By 1970, Alexander and several other prominent women from the East Coast were asked to leave their positions in NOW. Alexander believed there was a “lesbian purge” within the organization. However, it was through NOW that Alexander met out lesbians for the first time, working together on women’s causes, but seeing discomfort among some of the other members—and in particular, hostility from Freidan. While she did not yet identify as a lesbian, Alexander was accused of being one, and some of her work as executive director was handed over to others. Feeling targeted, she left NOW.
Leaving NOW was far from the end of Dolores Alexander’s feminist activism. She became involved with New York Radical Feminists and worked on their “speakouts,” public forums on issues.
In 1972, Alexander co-founded Mother Courage, a feminist restaurant, with Jill Ward, her lover and also a former member of NOW. Restaurants had offered the Suffragettes places to meet and plan, and they served the same purpose in the 1970s and beyond.
The restaurant became a place for feminists to learn from each other in a place where others could experience dining without patriarchal mores dominating. Alexander didn’t find the restaurant business to her liking and returned to part-time journalism after about three years of co-running Mother Courage. The restaurant was popular with feminists, the art crowd, and women dining alone, yet it closed in 1977 after co-founder Ward burned out (as did their relationship, though later they became best friends). [Alongside this paragraph please insert Mother Courage AP Photo with this “Associated Press Wirephoto, May 18, 1975” under it]
Alexander participated in other women’s rights conferences, but she may be best known as one of the founders of Women Against Pornography in 1978-79. This group was one of several participants in the culture wars beginning in the 1970s, an outgrowth of radical feminist consciousness-raising tenets applied to academic and social critiques and the protesting tactics of many groups until it declined and disappeared in 1997. Alexander, however, only stayed with Women Against Pornography until 1983, when she burned out on the stress of fundraising for a cause versus working for a living at Time. She remained a member of several lesbian and feminist groups over the years but became picky about what she’d directly aid. One of the rare organizations she embraced was the North Fork Women for Women Fund in Florida.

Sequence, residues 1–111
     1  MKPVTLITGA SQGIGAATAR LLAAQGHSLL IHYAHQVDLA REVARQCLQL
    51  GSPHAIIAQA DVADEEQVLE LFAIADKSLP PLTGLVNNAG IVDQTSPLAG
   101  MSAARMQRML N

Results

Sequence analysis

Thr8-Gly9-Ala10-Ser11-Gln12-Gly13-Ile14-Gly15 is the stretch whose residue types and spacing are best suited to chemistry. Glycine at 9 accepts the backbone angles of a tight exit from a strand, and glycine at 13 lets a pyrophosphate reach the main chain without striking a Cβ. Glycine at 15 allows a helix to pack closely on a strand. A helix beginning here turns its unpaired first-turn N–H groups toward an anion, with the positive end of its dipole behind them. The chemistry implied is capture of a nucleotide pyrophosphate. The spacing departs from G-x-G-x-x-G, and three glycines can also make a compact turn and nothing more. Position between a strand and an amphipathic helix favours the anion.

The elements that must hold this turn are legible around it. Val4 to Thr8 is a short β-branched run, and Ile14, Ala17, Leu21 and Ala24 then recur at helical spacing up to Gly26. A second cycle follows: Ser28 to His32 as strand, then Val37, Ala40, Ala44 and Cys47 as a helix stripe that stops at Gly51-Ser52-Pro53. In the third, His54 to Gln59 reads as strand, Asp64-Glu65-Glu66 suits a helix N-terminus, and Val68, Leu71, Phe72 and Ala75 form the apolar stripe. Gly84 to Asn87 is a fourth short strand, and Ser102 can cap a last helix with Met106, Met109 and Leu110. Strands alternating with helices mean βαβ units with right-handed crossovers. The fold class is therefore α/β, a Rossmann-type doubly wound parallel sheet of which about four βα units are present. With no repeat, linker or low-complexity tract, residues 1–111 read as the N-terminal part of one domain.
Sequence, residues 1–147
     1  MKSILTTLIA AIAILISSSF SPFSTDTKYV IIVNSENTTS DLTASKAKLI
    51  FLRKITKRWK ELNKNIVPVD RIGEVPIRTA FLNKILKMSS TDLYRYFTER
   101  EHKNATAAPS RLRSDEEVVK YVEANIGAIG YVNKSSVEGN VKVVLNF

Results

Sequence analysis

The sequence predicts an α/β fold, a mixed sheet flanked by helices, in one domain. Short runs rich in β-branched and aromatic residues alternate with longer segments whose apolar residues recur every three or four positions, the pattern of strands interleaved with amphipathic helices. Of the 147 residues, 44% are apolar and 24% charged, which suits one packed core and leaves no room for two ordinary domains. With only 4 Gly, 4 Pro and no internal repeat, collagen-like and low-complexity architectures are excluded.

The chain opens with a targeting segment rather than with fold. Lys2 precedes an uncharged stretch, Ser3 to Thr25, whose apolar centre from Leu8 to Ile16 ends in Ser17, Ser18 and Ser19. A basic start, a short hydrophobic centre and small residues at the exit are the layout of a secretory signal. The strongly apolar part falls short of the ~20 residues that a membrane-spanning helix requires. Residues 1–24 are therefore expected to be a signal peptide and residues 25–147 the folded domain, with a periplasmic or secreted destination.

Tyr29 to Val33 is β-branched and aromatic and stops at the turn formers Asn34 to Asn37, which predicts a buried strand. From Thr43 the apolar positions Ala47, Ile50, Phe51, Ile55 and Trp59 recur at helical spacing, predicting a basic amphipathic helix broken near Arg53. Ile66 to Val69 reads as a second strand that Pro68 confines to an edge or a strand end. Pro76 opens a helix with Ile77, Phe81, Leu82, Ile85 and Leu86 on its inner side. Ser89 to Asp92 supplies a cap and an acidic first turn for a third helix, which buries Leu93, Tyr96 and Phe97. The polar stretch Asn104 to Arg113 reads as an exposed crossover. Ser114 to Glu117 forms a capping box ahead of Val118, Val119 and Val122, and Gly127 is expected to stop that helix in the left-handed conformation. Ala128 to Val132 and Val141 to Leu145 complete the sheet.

NOW has changed over the years and continues to change, embracing a far wider vision of equality than it did during Dolores Alexander’s tenure. In 1971, NOW expanded written policies to include lesbians and continued to take explicit stands for non-discrimination on the basis of sexual orientation and gender identity over the years.
Alexander died in 2008, five years after the first legal gay marriage in the United States. She never remarried and seemed content to allow the younger generations to develop a new type of feminism and activism, often unknowingly building upon her and other Second Wave activists’ work.